You may not remember this cartoon from the 1970’s; The Super Friends. It had these two characters named the Wonder Twins. According to wikipedia “The Wonder Twins powers are activated when they touch each other and speak the phrase, “Wonder Twin powers activate!” This phrase is unnecessary and just a habit of theirs. Physical contact, however, is required. If the two are out of reach of each other, they are unable to activate their powers. As they are about to transform, they would each announce their intended form. “Shape of…”, “Form of…”” Our Bandhas are a lot like that. They need to operate together .And when we do activate them, they allow us to take on new forms and shapes.

Me and my brother just before releasing the fish I caught the summer of 1980.

I’ll give you one more story of how I see the bandhas operating before letting you run off and experiment with the cause and effect of bandhas in your asana. Have you ever been fishing? When I was young and before many years of being a vegetarian, I went fishing a few times from a shore of  Lake Pymatuning, in Ohio. Nothing fancy. We used the worm, weight, and bobber system. In order to catch the fish we needed the worm to dangle below surface, so we put a tiny weight on the fishing line. Nothing that was too heavy that would cause the line to drop to the bottom of the lake, but enough weight to give the look of the worm dangling. Then a foot or so above that on the line we attached a plastic red and white bobber to allow the line to float so that we would be able to see when the fish took the bait. The weight on the line is your mula bandha and the bobber giving the line buoyancy  is uddiyana bandha. We must be grounded, but buoyant in our asana’s. Just as it can be tricky to catch a fish, it will be tricky to catch your lightness of being. As my teacher, Tim Miller says “somethings in yoga can be taught but other things must be caught.” Go fish for your bandhas. Be patient, be sensitive and don’t be too attached to your results. Sutra12, Chapter 1, “Abhyasa vairagyabhyam tannirodhah; Steady practice, with non-attachment, will stop the mind from fluctuating.” Just as I let go of all the fish I did catch, we need to learn to let go of our expectations. If you always want to go fish for the biggest fish out there, you might miss out on the beauty of the little one’s.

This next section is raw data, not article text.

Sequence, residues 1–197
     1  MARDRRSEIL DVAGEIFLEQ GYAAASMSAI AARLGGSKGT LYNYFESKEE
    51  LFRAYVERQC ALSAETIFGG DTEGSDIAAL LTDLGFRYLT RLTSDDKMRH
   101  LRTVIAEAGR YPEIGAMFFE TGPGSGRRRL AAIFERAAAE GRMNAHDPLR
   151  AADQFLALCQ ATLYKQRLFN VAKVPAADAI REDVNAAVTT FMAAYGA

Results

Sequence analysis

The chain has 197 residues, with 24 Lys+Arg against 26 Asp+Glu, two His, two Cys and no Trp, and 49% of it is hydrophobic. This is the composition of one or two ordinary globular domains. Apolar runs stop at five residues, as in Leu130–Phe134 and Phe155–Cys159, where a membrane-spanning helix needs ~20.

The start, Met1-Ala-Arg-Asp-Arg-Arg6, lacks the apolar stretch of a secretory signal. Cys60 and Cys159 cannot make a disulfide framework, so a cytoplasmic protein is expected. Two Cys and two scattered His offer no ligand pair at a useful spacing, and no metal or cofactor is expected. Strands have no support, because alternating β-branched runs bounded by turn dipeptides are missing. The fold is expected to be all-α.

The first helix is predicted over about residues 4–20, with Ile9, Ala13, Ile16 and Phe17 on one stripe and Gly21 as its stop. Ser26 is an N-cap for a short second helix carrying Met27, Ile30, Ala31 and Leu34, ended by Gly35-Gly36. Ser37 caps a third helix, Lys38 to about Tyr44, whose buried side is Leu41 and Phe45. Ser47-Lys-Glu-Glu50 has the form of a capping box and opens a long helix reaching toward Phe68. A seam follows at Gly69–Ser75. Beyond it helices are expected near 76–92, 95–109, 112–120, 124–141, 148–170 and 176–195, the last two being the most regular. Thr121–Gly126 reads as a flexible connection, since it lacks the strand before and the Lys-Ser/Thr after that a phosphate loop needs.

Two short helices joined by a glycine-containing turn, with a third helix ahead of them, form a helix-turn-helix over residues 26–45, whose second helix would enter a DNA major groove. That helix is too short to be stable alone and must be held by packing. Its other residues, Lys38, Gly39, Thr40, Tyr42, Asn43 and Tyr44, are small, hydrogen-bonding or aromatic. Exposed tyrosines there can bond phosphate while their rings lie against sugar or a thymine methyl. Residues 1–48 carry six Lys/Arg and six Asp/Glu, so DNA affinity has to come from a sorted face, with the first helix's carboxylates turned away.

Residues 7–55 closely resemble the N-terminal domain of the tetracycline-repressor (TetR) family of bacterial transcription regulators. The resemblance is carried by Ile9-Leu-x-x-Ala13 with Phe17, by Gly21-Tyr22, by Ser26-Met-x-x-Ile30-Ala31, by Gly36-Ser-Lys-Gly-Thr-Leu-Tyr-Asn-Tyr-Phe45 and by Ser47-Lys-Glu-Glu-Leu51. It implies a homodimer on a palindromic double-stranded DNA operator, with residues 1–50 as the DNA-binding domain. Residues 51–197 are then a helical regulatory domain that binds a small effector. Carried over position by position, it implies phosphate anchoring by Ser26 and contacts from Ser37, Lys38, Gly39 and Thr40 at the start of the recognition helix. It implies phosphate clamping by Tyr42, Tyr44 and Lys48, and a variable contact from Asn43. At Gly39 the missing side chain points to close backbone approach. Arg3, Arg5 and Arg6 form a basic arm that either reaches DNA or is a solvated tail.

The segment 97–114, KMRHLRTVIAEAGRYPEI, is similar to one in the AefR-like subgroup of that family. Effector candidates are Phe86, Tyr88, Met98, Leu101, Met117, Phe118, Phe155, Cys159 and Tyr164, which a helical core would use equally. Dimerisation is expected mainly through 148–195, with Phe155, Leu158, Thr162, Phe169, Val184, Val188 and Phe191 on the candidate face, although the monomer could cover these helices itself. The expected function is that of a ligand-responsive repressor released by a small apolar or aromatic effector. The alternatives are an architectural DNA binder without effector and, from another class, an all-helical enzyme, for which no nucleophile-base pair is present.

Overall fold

So let’s get the bandhas back together and make another great album. Maybe we’ll call this bandha album,  THE ROOTS and WINGS, or THE CLUTCH and ACCELERATOR, or  The WONDER TWINS, or The WEIGHT and BOBBER? But no matter what you know or think you know about the bandhas, they are definitely worth your consideration and examination. Whether you think of them as a suction, clutch, roots, wings, super hero powers, weight and buoyancy, or anything else creative you have heard, they are a necessary tool to the practice. Before you know, it you will be reeling in your bandhas. They will help create a greater mastery of the mystery.

Categories: For the beginner, My viewpoint | Tags: , , , , , , , , , , , | 1 Comment